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Consider the evidence: What can we do with evidence?


Teachers continuously consider a variety of data and other evidence to improve student performance. Here is a typical scenario – a teacher notices something interesting in a student’s achievement data and wonders if there is an explanation.

Shane’s story

A history head of department (HOD) wants to see whether history students are performing to their potential.

She prints the latest internally assessed NCEA records for history students across all of their subjects. As a group, history students seem to be doing as well in history as they are in other subjects. She looks at results for individual students.

Then she notices that Shane is doing very well in English and only reasonably well in history. She wonders why, especially as both are language-rich subjects with many similarities.

The HOD speaks with the history teacher, who says Shane is attentive, catches on quickly and usually does all work required. He mentions that Shane is regularly late for class, especially on both Monday and Thursday. So he often misses important information or takes time to settle in. He has heard there are ‘problems at home’ so has overlooked it, especially as the student is doing reasonably well in history.

The HOD looks at the timetable and discovers that history is period 1 on Monday and Thursday. She speaks to Shane’s form teacher who says that she suspects Shane is actually late to school virtually every day. They look at centralised records. Shane has excellent attendance but frequent lateness to period 1 classes.

The HOD speaks to the dean who explains that Shane has to take his younger sister to school each morning. He had raised the issue with Shane and he said this was helping the household get over a difficult period and claimed he could handle it.

The staff involved agree that Shane’s regular lateness is having a demonstrable impact on his achievement, probably beyond history but not so obviously.

The dean undertakes to speak to the student, history teacher, and possibly the parents to find a remedy for the situation.

What were the key factors in the scenario about Shane? What types of data and other evidence were used? What questions did the HOD ask? What happened in this case that wouldn’t necessarily happen in some schools?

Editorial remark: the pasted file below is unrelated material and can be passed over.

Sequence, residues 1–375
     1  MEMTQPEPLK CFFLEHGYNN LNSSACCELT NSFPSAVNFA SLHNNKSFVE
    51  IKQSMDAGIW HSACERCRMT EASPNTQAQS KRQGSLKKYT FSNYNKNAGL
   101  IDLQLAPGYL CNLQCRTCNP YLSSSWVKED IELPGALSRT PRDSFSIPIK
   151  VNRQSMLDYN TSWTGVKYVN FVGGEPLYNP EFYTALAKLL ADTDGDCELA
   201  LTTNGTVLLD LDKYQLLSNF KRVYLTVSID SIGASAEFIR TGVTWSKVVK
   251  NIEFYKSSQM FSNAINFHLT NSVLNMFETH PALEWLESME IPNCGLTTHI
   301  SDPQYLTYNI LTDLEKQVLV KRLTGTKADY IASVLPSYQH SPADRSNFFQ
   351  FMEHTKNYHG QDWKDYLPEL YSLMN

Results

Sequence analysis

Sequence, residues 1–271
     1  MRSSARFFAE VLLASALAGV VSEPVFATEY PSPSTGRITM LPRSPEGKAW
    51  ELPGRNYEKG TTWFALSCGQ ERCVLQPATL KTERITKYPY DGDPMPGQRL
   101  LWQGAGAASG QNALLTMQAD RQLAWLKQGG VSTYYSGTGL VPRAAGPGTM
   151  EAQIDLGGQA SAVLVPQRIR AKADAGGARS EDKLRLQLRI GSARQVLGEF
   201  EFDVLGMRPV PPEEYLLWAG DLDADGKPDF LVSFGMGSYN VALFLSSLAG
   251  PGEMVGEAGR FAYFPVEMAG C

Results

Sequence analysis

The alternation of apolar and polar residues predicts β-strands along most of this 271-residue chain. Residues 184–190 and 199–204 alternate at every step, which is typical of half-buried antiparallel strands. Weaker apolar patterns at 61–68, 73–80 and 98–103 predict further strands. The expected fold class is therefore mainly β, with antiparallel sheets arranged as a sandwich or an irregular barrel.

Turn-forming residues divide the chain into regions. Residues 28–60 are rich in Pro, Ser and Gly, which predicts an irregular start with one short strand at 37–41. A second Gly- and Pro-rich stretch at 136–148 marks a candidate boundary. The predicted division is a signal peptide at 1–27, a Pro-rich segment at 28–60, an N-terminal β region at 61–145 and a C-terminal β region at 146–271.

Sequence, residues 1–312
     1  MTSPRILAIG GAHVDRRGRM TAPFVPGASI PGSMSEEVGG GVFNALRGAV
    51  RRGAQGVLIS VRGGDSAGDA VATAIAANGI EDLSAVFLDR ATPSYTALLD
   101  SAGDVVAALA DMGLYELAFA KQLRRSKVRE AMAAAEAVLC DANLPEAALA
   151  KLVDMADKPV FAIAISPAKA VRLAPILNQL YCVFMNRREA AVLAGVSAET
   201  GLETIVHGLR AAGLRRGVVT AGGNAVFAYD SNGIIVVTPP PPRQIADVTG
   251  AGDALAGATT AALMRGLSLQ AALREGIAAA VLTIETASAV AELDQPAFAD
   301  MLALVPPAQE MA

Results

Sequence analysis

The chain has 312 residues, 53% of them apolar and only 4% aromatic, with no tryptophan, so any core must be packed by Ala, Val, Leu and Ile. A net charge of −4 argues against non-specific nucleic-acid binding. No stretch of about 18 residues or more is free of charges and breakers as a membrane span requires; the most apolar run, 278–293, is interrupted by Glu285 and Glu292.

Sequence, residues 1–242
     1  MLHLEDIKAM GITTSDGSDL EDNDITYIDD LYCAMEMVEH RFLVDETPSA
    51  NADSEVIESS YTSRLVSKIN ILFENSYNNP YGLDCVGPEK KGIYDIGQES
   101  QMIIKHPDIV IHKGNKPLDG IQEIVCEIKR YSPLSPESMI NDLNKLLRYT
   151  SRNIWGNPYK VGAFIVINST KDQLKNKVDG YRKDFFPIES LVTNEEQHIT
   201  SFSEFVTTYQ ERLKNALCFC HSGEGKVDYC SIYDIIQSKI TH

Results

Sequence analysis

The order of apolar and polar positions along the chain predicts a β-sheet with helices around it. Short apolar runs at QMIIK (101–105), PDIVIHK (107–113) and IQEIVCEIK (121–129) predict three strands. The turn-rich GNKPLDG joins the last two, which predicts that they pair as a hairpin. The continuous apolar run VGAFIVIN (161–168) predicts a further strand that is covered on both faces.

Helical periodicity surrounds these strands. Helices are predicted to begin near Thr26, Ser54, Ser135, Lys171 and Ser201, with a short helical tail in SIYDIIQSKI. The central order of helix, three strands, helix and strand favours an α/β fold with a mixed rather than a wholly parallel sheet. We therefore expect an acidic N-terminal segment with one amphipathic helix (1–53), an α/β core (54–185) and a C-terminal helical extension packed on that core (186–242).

• The history HOD looked at achievement data in English and history.
  • She looked for something significant across the two data sets, not just low achievement.
  • Then she asked a simple question: Why is there such a disparity between results in these two subjects for that student?
  • She sought information and comments (perceptions evidence) from all relevant staff.
  • The school had centralised attendance and punctuality records (demographic data) that the form teacher could access easily.
  • The proposed action was based on all available evidence and designed to achieve a clear aim.

Increasingly, schools are assembling data and other evidence that enables them to track student achievement over time and to relate achievement to other factors. In this example, data about student achievement is so comprehensive that it also enhances demographic evidence, and in time it will be complemented by detailed demographic data.

A year 9–13 secondary school has extended its relationship with contributing schools to develop a comprehensive profile of each student's achievement. This data incorporates asTTle reading and STAR data. The data does more than simply place students on levels at the time they enter year 9 – it enables student progress over years 6, 7, 8, and 9 to be investigated.

The data is so well recorded, accessible, and comprehensive that it works as demographic evidence, as well as evidence of student achievement.

The group has plans to further expand this evidence to incorporate records about student behaviour (attendance, etc.), family background and health (such as hearing, vision, height and weight, and mental health). Vision data can be used to arrange spectacles for students who need them. Height and weight data can be used in line with the Ministry of Health’s 2006 document, An Analysis of the Usefulness and Feasibility of a Population Indicator of Childhood Obesity. Mental health will be collected when the school counsellors carry out a Home, Education, Activities, Drugs/Alcohol, Sexuality, Suicide (HEADSS) assessment. This evidence is used to identify students who need monitoring to see how they are coping with secondary schooling.

The secondary school's demographic evidence about students will be well established before students commence year 9. This will enable the school to develop systems and processes to cater for individual students within each cohort in an holistic way where academic, social, and physical data is all taken into account.